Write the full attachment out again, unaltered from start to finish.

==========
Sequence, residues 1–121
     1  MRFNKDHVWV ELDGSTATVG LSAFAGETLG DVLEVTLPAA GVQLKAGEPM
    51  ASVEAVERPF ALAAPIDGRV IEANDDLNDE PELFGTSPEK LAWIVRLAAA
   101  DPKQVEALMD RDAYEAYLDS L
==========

Sequence, residues 1–121
     1  MRFNKDHVWV ELDGSTATVG LSAFAGETLG DVLEVTLPAA GVQLKAGEPM
    51  ASVEAVERPF ALAAPIDGRV IEANDDLNDE PELFGTSPEK LAWIVRLAAA
   101  DPKQVEALMD RDAYEAYLDS L